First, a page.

Savasana is the point of the practice where you return to yourself. From a scientific perspective, it is the time where your parasympathetic nervous system activates and restoration begins. The cells, the breath, the body is carrying out all of the processes it needs to start restoring itself. We spend so much time in our lives feelings stressed, savasana is the opportunity for you to feel yourself experiencing the opposite of stress.
Q4. What is Ayurvedic medicine? How did the practice come about?
The practice is based on the vedas and Ayurveda means, “the study of the vedas.” The vedas are ancient yoga conspiritual texts that have informed us of clues for how we can live in our bodies. It’s getting back to how our ancient ancestors knew how to live well.
Q5. How does Ayurvedic medicine play into your practice?
I am going to pursue a master’s degree in maharishi Ayurveda and integrated medicine. After the three-year program, I’ll be able to consult with people as a maharishi Ayurveda wellness consultant and make recommendations based on their imbalances that will help their bodies be naturally align itself into health. The body is always trying to move itself towards the perfect state of health. If we give it the nutrition, the lifestyle habits and the mental, emotional and spiritual aspects it needs, then the body can be happy, healthy and functioning for us the way it’s supposed to.
Q6. Why were you inspired to master the Ayurvedic practice and science?
I believe in spirituality. I believe we have to connect to something beyond ourselves and that is truly a part of wellness. On the other had, I believe we are biological matter and we should study that aspect of who we are as well. The way we live in society today—the way we’re breaking down mother nature and putting toxins into the environment, we overlook that we are a part of the environment. To me, the study of science, is realizing that fact—that symbiotic relationship that we need to develop with nature around us. Wellness becomes how to live your life in a way that’s conducive to promoting the earth. It really comes down to that. It’s not some hippie way of looking at it; if you take care of the earth, it comes back to you. The earth will nourish you as you nourish it. When we eat organic, we promote the earth by expelling the way of life that we’ve grown accustomed to: pesticides and practices that ruin ecosystems and disrupt nature. That is science. What we are experiencing politically is a burnout and it’s forcing us to see that the way that we have been looking at things does not work from a scientific perspective.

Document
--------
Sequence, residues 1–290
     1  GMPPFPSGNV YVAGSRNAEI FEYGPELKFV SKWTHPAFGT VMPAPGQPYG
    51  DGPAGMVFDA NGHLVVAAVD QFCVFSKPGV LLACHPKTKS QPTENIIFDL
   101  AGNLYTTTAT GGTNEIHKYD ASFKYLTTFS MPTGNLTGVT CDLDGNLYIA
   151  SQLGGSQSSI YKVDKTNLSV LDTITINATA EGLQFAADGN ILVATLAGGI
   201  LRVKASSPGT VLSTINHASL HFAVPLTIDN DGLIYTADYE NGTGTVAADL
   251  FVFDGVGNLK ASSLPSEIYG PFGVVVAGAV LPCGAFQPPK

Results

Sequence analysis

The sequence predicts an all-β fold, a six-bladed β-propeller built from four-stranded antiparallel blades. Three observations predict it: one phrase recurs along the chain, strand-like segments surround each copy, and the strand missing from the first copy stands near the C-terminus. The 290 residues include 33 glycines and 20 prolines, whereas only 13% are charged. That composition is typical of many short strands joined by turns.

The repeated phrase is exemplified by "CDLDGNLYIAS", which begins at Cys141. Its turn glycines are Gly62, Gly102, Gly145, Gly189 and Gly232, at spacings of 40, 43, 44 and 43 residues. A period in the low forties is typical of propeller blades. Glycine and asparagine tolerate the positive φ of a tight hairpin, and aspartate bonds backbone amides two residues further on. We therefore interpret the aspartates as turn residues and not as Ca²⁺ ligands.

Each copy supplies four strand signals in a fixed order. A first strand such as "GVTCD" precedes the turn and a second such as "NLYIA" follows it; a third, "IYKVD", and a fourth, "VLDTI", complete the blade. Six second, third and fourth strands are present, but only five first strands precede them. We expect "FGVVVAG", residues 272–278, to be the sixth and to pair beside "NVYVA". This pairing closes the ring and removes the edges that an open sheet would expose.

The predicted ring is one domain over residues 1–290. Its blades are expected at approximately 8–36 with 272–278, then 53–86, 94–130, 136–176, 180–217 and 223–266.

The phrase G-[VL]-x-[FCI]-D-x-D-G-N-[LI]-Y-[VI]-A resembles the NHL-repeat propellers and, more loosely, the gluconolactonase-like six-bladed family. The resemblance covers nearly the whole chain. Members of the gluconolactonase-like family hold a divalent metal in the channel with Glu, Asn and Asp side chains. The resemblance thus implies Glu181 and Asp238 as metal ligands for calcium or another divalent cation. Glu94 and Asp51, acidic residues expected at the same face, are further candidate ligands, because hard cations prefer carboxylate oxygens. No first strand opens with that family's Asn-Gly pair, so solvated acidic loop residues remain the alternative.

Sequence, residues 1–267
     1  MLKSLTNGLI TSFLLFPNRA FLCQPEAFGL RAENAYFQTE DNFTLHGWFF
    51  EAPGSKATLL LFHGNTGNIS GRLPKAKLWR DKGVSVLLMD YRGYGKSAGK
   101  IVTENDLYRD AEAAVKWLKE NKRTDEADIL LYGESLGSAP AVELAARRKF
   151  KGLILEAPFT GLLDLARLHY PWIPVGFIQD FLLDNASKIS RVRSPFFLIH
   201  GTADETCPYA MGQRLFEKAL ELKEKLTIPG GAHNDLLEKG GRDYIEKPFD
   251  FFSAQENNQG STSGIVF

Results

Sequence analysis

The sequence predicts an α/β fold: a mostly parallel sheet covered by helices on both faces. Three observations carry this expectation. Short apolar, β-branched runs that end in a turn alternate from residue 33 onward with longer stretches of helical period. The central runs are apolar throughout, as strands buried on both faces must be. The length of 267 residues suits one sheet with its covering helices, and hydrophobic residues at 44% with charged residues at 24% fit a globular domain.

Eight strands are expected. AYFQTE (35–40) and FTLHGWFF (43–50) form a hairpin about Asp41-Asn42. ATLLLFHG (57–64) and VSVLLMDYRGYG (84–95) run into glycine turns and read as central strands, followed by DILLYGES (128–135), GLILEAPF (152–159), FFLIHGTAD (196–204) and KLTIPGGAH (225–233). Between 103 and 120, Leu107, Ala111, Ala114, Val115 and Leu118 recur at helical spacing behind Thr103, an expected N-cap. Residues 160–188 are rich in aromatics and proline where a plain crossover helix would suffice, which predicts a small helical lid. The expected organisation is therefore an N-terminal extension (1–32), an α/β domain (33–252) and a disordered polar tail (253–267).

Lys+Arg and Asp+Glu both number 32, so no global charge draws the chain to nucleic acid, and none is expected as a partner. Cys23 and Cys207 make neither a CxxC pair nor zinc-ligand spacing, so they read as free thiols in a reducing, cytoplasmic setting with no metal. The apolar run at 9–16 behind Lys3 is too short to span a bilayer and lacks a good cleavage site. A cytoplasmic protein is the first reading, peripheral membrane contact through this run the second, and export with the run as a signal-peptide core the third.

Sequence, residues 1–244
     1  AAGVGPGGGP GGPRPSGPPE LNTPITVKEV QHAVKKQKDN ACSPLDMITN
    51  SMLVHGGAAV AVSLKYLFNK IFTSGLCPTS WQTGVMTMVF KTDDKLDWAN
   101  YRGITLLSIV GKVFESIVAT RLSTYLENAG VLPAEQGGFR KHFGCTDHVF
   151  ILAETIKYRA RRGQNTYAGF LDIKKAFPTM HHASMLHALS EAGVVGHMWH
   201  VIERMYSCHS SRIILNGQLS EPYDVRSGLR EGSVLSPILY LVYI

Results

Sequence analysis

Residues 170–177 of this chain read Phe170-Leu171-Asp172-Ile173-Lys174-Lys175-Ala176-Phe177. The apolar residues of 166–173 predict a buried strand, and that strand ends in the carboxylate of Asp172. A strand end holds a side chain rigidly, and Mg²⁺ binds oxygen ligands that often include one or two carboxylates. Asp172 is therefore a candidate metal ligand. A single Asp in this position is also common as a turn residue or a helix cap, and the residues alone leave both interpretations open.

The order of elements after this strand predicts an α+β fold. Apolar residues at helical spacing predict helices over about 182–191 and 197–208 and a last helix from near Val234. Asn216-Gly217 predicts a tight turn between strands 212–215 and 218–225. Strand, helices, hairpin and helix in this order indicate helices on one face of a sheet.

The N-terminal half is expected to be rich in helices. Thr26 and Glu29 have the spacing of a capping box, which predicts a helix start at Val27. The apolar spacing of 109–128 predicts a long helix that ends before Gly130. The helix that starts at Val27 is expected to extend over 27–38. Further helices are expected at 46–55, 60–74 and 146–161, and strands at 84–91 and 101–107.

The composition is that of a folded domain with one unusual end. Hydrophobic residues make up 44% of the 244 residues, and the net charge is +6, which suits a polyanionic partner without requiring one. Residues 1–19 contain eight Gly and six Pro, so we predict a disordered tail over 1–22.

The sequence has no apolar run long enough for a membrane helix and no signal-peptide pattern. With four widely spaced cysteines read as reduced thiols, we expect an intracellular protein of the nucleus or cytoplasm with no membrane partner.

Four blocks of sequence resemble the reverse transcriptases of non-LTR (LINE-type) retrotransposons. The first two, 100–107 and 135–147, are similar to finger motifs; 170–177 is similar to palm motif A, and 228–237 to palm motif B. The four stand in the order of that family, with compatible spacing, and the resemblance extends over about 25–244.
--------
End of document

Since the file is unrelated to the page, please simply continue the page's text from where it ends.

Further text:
Q7. If you could leave readers with one takeaway, what would it be?
I’m really appreciative of the opportunity to share. One thing I’d like to leave with as a capstone is: I think the reason that we have to have scientific words for spiritual concepts is because when you down the path, the mind will try to take you off the path. If the mind understands why you’re doing what you’re doing from a scientific perspective, you bring it back a lot quicker. It’s about bringing both the right and left brains together in healing for people. The creative, ethereal, spiritual aspect of who we are above and also the tangible, biological, scientific, hard fact reality of our daily lives and how do they mesh and collide. That’s important to healing.
Want More From Nikki?
Follow Her On Instagram
She'll be creating more informational videos as she pursues her studies. Don't get left out of the loop.
POWERED BY CAMARILLA COMPLEX + MAGIAZINE
- @Cam_arilla was created to connect movers and shakers. We’re here to help savvy hustlers work smarter.
Facilitating meaningful connections, business and personal alike, we hack creativity, business and life together. Join + share your #CheatCodez on the blog.
- Magiazine is a digital platform + organization created by @brujamoney to celebrate the magic of & increase visibility/possibilities for creatives of color.
magiazine produces ‘zine fairs, quarterly ‘zines + a gamut of experimental art functions intended to connect artists with the resources + tools they need to produce.